Pain is a major symptom in patients with osteoarthritis (OA), and persistent pain is a frequent and often disabling complication following total knee arthroplasty (TKA) for OA. The proportion of patients with persistent pain outcomes after TKA ranges from 8% to 27%.1 Chronic pain is classified as nociceptive pain and neuropathic pain. However, not all pain can be clearly distinguished into these pain types, and many patients have unclear pain which cannot be clearly classified as either of these pain types. Nociceptive pain is caused by stimulation of nociceptors through chronic inflammation,2 while neuropathic pain is defined as “pain arising as a direct consequence of a lesion or disease affecting the somatosensory system” by the International Association for the Study of Pain (IASP).3 Although OA pain is traditionally considered to be nociceptive in nature, some patients describe aspects of their pain as burning or shooting. Such characteristics suggest common mechanisms with neuropathic pain.4,5 In fact, neuropathic pain has repeatedly been proposed as a major cause of persistent pain after TKA.4,5 Reportedly, the painDETECT questionnaire (PDQ) can be used to determine whether the pain after TKA is nociceptive or neuropathic pain.6–8 This questionnaire was previously validated in a multicenter study with both neuropathic and nociceptive pain.

We hypothesized that the occurrence of neuropathic pain in the knees of OA patients might decrease after surgery. To prove our hypothesis, we used the PDQ to evaluate the prevalence of neuropathic pain preoperatively and postoperatively in the knees of OA patients undergoing TKA, and evaluated the relationship between neuropathic pain, pain intensity and stage of OA using the Kellgren-Lawrence (KL) system.9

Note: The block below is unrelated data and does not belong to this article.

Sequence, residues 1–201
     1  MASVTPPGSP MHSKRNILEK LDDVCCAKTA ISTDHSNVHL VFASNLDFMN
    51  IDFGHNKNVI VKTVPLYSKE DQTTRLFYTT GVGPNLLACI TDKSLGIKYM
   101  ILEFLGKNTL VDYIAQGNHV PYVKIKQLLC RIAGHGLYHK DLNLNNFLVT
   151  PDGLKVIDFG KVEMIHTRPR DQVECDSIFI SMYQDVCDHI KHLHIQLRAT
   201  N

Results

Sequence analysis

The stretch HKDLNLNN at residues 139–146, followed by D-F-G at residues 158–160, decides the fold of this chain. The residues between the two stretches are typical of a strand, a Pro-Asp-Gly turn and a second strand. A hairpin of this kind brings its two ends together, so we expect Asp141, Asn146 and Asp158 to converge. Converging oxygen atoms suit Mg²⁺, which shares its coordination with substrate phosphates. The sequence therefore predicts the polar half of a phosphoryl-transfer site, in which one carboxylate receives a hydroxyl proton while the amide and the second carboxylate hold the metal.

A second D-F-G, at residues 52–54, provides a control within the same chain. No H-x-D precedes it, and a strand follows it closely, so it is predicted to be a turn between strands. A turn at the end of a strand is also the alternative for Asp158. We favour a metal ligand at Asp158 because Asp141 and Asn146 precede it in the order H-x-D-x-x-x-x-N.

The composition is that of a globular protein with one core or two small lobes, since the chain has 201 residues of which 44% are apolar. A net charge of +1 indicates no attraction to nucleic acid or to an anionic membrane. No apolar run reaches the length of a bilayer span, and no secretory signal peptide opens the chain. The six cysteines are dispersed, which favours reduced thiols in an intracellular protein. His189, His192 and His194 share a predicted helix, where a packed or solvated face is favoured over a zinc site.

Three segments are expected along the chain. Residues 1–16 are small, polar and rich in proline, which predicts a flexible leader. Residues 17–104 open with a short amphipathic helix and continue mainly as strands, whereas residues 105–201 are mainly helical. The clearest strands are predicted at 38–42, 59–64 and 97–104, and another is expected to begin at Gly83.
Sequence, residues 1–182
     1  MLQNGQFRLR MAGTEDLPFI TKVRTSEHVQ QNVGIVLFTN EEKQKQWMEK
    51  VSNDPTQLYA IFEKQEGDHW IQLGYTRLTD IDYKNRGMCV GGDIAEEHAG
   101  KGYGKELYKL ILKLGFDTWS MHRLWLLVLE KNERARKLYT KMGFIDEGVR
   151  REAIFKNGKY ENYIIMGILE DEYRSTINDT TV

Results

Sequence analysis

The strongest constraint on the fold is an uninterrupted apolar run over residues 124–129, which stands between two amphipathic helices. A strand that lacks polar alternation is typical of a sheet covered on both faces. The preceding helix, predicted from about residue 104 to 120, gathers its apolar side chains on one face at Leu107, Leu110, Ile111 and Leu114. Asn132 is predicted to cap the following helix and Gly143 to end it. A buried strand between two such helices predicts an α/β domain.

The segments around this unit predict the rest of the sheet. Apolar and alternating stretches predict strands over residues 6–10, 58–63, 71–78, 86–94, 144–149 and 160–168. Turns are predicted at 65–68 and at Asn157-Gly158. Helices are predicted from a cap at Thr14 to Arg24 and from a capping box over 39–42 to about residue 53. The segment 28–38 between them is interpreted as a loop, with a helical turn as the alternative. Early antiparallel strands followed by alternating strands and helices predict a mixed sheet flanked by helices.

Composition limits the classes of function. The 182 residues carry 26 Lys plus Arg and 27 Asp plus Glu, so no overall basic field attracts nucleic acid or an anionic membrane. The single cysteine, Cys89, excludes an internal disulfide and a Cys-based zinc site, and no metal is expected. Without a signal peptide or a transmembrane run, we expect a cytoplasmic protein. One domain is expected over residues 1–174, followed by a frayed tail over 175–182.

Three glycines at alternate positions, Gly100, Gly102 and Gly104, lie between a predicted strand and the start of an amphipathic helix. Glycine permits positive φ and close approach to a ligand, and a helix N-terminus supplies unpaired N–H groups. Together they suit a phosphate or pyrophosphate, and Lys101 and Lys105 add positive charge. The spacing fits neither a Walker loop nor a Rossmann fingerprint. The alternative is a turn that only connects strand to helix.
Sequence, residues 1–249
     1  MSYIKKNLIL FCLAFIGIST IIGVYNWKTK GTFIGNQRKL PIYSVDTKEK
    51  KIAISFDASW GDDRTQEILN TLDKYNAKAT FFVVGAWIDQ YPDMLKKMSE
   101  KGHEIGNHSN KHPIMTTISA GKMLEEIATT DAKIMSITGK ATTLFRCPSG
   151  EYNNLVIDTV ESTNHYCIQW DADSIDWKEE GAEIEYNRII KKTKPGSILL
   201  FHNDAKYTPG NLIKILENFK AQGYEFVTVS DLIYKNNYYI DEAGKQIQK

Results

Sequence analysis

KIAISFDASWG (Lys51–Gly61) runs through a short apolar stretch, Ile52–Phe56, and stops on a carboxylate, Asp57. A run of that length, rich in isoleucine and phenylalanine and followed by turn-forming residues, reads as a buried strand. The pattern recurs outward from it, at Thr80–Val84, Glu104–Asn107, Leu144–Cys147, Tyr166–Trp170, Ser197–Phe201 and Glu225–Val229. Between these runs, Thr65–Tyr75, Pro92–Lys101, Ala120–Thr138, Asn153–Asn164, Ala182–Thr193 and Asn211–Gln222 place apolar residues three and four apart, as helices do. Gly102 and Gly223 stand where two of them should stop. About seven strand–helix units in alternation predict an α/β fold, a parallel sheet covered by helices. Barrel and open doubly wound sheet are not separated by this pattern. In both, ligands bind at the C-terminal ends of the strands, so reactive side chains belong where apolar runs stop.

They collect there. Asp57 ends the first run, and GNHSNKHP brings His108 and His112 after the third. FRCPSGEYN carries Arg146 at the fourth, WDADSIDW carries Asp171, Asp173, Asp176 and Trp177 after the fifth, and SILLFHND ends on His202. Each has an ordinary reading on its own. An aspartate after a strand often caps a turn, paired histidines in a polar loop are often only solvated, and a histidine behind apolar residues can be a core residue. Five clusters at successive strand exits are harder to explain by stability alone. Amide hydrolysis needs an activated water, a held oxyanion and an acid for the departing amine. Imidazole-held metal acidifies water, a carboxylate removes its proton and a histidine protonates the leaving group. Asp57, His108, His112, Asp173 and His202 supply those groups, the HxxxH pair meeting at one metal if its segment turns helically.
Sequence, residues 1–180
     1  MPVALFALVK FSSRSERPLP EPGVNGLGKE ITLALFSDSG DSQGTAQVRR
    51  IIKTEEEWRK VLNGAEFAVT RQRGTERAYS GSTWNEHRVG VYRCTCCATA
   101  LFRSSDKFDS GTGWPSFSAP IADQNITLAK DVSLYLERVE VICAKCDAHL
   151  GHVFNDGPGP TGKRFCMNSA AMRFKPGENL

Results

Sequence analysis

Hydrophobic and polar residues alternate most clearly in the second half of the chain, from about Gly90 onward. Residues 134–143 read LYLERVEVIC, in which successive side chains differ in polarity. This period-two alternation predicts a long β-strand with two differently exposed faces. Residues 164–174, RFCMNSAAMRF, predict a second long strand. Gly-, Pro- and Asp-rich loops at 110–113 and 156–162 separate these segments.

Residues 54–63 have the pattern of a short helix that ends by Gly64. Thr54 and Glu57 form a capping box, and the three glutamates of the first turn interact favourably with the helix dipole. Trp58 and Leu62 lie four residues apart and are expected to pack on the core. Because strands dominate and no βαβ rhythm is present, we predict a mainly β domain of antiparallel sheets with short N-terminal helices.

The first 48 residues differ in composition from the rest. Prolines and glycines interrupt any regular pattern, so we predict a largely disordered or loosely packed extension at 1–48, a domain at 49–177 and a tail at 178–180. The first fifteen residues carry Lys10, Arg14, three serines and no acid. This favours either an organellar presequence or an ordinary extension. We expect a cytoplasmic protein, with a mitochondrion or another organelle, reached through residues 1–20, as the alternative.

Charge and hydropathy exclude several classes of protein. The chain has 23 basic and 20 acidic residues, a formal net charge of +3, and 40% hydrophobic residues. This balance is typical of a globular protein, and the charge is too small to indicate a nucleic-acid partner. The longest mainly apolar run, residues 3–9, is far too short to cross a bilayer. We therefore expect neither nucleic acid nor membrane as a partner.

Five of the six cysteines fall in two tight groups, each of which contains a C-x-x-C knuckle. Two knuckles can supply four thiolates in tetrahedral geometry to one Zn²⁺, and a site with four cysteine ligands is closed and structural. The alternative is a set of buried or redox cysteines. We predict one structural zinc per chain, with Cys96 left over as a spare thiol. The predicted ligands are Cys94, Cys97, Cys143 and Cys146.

Materials and Methods

Patients

We enrolled 158 consecutive patients with OA (180 knees; female, n = 129 [145 knees] male, n = 29 [35 knees]; mean age, 74 [54–87] years; mean body mass index [BMI], 26.1 [17.8–44.1] kg/m2) who underwent TKA from 2016 to 2017 prospectively. All the procedures were performed under general anesthesia by a single surgeon (MH) using the mid-vastus approach to TKA. Posterior-stabilized type knee prostheses were used in all knees. All the prosthetic knees had a fixed-bearing design, and all tibial, femoral and patellar components were cemented. The operating surgeon (MH) screened the patients for medical testing for OA before surgery. Exclusion criteria consisted of severe knee deformity requiring a constrained implant (femoro-tibial angle <155º or >200º), as determined using preoperative radiographs. Patients with knee OA who had severe spinal cord-related pain preoperatively were not indicated for TKA.

Pain Phenotype

Knee pain was evaluated using a numerical rating scale (NRS) ranging from 0 (no pain) to 10 (severe pain). Pain phenotype was assessed using the self-reporting PDQ, which includes nine questions regarding the intensity and quality of pain.6,7 The scores related to the pain course pattern and presence of radiating pain (maximum score of 3) and the gradation of pain (maximum score of 35) were summed up to obtain a maximum PDQ end score of 38. Neuropathic pain was considered unlikely (nociceptive pain group) when PDQ scores ranged between 0 and 12, whereas scores of 19 to 38 indicated neuropathic pain. Scores of 13 to 18 indicated unclear pain (including nociceptive and neuropathic components).